We have recently been working on a new set of instructions at work for students to connect to the wireless using their laptops and I’m not very happy with how it’s turned out.
The problem? Not enough screenshots!
Due to the cost of printing, the booklet needs to be exactly 4 pages (printed 2 pages per sheet, double-sided). Two out of 4 pages of the booklet is dedicated to the front and back cover, leaving the ACTUAL instructions to fit on 2 pages.
I wouldn’t call the instructions straightforward, which includes installing 3 certificates and configuring a wireless profile before connecting to the secured network. That’s a lot to fit on 2 pages, hence we had to do away with screenshots.
We have an open wireless network alongside the secured one, which only allows access to the university’s Web pages. My suggestion was to put up instructions on the IT Services Webpage for students to access by first connecting to the open wireless network.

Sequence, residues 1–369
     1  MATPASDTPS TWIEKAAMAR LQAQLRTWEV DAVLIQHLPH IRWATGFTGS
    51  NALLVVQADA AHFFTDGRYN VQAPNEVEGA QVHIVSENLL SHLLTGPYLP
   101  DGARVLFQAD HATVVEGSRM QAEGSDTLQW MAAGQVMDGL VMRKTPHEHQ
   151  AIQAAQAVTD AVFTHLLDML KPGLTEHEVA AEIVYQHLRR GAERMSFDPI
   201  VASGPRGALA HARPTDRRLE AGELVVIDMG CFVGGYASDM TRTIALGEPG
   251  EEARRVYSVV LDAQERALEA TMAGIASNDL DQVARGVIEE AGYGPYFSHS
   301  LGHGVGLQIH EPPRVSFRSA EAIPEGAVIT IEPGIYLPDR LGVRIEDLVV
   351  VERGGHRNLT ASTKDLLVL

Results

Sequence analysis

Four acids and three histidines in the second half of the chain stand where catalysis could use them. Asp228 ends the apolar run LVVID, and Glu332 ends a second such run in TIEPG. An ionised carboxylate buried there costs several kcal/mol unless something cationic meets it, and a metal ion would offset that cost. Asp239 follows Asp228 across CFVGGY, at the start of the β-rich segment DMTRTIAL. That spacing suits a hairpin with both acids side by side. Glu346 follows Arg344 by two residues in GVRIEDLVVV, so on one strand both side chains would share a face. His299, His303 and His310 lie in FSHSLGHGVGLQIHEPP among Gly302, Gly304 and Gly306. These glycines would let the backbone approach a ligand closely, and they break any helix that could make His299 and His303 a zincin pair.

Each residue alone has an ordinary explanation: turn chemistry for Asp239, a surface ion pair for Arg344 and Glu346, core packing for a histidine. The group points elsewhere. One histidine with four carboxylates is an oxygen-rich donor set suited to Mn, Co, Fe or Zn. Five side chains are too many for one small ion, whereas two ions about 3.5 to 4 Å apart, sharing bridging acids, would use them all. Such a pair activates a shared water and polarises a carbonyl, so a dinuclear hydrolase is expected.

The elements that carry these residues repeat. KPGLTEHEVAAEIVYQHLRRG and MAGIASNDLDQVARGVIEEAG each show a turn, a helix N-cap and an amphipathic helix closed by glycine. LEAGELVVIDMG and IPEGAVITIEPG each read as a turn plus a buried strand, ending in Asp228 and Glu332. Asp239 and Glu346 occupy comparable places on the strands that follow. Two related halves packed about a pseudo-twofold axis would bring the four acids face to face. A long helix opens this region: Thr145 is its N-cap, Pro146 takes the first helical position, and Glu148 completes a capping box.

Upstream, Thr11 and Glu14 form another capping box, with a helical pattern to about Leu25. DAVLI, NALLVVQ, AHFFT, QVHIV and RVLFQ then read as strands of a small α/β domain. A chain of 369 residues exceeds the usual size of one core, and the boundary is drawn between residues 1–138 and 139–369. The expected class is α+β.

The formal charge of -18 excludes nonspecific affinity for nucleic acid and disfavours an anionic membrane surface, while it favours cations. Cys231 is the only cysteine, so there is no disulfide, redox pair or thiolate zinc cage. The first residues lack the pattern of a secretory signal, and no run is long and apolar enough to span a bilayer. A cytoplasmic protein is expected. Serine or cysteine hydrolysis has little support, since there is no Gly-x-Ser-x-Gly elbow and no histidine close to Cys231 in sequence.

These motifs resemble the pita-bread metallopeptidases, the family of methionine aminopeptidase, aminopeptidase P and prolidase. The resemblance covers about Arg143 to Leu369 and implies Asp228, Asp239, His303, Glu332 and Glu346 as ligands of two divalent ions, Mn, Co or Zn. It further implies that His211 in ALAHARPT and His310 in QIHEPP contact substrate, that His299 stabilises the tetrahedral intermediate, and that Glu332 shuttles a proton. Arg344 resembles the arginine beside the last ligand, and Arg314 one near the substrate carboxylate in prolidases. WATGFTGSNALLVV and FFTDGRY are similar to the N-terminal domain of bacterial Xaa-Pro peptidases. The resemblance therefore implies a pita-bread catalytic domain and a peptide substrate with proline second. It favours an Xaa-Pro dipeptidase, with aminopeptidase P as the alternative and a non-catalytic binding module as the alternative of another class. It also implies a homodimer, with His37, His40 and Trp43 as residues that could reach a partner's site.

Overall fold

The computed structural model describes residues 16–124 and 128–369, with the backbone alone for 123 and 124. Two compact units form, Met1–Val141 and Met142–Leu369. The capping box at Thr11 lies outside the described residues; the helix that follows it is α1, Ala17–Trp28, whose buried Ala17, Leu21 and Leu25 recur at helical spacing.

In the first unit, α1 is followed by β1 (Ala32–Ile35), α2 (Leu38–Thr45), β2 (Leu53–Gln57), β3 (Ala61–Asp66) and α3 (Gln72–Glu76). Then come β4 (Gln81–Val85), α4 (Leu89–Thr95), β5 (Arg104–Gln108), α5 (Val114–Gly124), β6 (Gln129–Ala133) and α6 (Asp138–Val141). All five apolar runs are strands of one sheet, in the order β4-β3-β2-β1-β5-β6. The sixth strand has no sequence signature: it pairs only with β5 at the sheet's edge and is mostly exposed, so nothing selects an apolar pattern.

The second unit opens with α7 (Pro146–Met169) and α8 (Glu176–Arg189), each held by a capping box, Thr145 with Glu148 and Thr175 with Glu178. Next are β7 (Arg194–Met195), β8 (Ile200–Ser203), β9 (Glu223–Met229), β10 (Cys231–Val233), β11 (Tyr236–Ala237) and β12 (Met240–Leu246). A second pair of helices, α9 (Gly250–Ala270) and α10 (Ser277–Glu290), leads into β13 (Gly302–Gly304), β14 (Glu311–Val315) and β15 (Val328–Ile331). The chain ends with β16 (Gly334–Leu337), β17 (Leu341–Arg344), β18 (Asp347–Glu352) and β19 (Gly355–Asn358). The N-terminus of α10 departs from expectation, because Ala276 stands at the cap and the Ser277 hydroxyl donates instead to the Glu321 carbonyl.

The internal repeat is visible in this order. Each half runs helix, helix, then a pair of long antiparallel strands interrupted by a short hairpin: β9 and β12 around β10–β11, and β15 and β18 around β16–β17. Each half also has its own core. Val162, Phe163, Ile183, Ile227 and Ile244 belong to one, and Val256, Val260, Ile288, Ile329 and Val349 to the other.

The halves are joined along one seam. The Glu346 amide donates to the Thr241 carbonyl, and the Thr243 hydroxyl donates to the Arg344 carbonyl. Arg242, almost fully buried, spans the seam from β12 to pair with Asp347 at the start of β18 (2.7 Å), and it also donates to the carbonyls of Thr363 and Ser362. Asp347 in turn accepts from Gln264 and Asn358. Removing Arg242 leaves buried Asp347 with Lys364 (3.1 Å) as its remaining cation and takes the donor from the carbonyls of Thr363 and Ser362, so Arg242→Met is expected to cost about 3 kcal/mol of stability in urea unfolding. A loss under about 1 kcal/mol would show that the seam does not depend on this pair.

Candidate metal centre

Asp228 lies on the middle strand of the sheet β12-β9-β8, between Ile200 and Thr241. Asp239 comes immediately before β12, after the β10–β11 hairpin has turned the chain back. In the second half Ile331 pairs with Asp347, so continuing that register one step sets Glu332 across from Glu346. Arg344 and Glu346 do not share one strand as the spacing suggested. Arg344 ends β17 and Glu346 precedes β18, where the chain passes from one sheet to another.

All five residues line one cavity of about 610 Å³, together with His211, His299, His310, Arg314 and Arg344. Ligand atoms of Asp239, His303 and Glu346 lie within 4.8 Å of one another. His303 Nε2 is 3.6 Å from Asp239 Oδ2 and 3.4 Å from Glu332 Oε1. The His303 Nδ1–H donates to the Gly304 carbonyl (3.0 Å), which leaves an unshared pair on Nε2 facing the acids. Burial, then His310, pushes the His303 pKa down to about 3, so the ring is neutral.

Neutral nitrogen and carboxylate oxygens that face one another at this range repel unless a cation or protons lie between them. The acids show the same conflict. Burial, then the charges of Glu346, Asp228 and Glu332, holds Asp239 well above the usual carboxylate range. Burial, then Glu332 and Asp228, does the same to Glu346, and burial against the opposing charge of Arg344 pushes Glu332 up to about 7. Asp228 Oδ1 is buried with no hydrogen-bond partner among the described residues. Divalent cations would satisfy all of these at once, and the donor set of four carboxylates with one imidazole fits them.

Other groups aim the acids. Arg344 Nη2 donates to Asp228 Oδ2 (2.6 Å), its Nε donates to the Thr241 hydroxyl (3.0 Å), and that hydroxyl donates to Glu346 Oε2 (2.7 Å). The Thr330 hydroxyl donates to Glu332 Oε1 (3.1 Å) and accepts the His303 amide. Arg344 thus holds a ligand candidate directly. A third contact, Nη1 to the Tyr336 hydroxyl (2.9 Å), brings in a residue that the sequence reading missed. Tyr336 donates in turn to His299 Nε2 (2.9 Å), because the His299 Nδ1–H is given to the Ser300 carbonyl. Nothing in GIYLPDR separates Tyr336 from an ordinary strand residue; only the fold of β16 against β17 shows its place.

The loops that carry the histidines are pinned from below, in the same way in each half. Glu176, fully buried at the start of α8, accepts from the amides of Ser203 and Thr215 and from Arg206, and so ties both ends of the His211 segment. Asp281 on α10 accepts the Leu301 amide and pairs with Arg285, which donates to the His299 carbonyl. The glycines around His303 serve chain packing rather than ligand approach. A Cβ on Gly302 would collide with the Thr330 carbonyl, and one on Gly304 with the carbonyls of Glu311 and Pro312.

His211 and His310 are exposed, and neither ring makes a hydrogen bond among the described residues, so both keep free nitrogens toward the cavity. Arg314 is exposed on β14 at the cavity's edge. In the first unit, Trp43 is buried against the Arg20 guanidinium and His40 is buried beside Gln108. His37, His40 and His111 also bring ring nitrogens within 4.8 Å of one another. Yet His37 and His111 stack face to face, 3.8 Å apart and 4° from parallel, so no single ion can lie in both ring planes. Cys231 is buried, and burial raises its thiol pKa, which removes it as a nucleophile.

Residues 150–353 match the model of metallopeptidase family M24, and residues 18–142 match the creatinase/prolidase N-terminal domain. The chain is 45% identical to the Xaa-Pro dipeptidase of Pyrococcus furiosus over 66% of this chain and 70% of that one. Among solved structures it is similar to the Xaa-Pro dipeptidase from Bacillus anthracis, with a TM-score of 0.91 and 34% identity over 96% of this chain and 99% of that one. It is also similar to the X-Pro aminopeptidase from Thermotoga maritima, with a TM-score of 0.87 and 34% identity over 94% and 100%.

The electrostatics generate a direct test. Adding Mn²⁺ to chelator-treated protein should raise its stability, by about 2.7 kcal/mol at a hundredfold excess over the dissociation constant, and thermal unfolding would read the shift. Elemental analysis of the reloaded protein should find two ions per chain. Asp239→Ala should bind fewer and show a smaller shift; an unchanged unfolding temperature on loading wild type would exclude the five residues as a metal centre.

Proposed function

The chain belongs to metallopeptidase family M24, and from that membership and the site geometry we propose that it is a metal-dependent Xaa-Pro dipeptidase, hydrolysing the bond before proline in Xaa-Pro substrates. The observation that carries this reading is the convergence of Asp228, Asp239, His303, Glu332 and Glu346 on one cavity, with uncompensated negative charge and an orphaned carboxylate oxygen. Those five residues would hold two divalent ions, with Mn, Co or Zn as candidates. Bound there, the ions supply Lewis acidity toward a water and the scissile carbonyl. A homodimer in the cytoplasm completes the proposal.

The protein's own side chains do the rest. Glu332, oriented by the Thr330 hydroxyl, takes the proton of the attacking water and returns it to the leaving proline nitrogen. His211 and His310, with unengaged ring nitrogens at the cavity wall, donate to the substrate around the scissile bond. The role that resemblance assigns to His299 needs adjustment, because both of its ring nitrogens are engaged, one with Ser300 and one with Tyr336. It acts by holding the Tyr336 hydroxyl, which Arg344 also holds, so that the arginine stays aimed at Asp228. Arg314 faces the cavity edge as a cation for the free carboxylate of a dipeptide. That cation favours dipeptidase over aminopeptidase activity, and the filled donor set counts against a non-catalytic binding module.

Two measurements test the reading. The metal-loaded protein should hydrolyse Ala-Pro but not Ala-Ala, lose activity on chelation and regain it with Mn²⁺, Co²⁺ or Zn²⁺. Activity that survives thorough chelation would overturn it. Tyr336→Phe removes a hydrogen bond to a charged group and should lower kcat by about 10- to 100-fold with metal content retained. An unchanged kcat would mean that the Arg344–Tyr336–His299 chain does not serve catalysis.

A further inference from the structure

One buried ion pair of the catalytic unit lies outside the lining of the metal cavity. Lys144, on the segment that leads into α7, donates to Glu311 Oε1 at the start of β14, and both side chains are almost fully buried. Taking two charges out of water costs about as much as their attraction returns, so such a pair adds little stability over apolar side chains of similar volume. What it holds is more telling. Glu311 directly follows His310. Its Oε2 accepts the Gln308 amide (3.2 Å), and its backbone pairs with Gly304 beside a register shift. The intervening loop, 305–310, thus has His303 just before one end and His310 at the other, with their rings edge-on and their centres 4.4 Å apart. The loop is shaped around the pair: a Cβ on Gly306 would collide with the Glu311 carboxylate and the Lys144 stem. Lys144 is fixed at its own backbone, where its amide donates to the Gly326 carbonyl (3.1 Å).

A web-based delivery method has the following advantages:
- The instructions will be available online for students to refer to whenever they need it whereas printed instructions would normally be discarded once done with
- The instructions can be made accessible to a wider range of students, by adhering to Web accessibility guidelines
- No need for management to worry about printing costs
- Plenty of screenshots will make following the instructions easier for less confident students. Also screenshots will be helpful where students have Windows installed in another laguage as is th case with many international students.
With no immediate plans to get some web-based instructions online I have decided to take up the challenge myself to produce my own Web version of the wireless instructions for Windows XP, Vista and 7.
I want to start off by reading up on accessibility and the use of multimedia in eLearning and would ideally like the instructions accessible to screen reader users.